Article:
The cold sensation of porcelain greets my lingering nausea. My Saturday mornings are quite similar to many teens and young, college-aged 20-somethings, minus the fond memories of the raging party from the night before. It is during these mornings that I occasionally wish my maladies were caused by an alcohol-induced stupor. These constant, lingering symptoms are not normal for people our age.
If you are like me, you have always been sick. From day one, your DNA held the predisposition to the testament that would be your life as soon as the faulty genes were set into motion. Things were bad when you initially became ill – or at least when symptoms first interfered with day-to-day living.
The beginning symptoms probably came on gradually, yet also so suddenly that you did not realize what was occurring until you were left mouth gaping, staring in utter disbelief at your own body’s betrayal.
Medical portions of your life quickly obscured the non-medical, but you found solace in work, school and active hobbies. You repressed your emotions, not allowing yourself the luxury of feeling scared. You knew you could not possibly remain ill forever. It would go away.
There was never time to think. The appointments were many, the testing intense. Syndrome-this. Disorder-that. The medical jargon compiled in your file started making sense. The doctor prescribed another medication, the next chance for a cure.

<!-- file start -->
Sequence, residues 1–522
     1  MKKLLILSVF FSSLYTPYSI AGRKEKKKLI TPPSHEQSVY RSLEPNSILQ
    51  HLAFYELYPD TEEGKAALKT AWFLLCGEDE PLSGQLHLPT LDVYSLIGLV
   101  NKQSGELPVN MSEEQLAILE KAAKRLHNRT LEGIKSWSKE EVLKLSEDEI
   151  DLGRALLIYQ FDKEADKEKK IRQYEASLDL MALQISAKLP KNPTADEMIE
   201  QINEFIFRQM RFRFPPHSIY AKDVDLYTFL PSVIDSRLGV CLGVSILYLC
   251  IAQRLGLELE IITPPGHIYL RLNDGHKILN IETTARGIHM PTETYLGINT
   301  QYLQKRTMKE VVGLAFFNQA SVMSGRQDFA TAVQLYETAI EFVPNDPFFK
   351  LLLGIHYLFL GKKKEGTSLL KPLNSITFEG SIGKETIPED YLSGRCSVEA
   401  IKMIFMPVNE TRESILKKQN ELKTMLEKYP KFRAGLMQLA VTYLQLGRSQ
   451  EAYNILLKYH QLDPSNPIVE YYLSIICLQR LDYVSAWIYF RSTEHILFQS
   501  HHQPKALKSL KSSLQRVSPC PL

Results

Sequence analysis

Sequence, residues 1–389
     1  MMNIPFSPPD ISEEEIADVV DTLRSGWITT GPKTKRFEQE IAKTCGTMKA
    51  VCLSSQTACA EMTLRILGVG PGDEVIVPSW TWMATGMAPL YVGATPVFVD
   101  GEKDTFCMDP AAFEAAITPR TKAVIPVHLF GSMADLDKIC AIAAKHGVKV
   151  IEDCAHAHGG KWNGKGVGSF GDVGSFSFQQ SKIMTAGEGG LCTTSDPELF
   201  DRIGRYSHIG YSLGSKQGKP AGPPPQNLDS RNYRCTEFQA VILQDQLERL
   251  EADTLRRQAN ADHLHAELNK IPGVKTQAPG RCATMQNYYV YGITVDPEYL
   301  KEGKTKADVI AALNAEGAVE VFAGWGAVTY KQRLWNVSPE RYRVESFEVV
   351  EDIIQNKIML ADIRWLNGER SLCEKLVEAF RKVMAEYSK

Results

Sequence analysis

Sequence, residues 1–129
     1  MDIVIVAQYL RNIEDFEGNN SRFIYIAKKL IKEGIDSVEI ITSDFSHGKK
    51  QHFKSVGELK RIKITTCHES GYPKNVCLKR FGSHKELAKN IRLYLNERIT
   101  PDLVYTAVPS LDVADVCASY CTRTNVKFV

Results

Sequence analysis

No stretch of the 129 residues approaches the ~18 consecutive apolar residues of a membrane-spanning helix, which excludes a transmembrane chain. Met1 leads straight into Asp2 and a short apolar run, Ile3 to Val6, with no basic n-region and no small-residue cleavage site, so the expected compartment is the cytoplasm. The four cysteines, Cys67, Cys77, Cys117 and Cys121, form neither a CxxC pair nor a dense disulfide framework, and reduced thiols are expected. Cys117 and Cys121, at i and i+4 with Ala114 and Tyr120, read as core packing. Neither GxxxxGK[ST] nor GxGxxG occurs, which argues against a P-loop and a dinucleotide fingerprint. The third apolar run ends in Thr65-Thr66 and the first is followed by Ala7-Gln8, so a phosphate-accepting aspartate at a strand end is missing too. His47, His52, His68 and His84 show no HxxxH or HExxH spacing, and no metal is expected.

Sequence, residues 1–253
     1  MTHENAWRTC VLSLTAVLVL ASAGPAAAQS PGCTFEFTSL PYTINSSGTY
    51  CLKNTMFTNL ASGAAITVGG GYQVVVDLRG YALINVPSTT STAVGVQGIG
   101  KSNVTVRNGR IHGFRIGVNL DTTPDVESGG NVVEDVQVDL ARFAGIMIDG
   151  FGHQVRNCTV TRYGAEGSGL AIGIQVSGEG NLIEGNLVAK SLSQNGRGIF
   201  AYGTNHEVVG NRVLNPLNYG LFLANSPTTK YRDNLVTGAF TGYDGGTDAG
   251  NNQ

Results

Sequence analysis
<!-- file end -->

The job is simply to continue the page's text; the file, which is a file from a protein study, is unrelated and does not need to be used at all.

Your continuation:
It was on another trip to the pharmacy between outings and errands when you reflected on why your old coworker blatantly ignored you after witnessing that bad flare. Symptoms were growing increasingly difficult to hide. You wondered if you were well enough to attend class that day or if school would end up like the job you had to quit. You were angry that your best friends stopped calling to hang out. They could not accept your illness interfering, like all of the other plans.
Later, you unexpectedly faced a decline in your condition. It was a deterioration so severe that your previous health problems seemed minuscule in comparison. The doctor added the last diagnosis to the list while you yearned for the state of health you had prior to your illness progressing. You regret the experiences postponed for “when I get better.” You would happily settle for your old, somewhat functional sick again.
Now, you let yourself go there. You are struggling to adjust to the dizzying world of pain when you only want an average life filled with the usual teenage clichés. You also know that as you approach mid-adulthood, you will want the normal life then too – a completed college degree, stable career, family and maybe children.
That intense need for that normalcy does not dissipate. Eventually though, you become skilled in navigating life with a chronic illness. You forgive past friends for their abandonment and appreciate those who stayed by your side. You find coping methods and a medication or two that make symptoms tolerable. You cherish fun opportunities whenever you can.
You are doubtlessly scared. And rightfully so. I was as well, and honestly, I still am. Life definitely loses the typical definition of normalcy once chronic illness moseys its way in. However, your feelings are totally normal. The normal in chronic illness is that there is hope in creating and accepting a new “normal” with even more purpose and potential than before.
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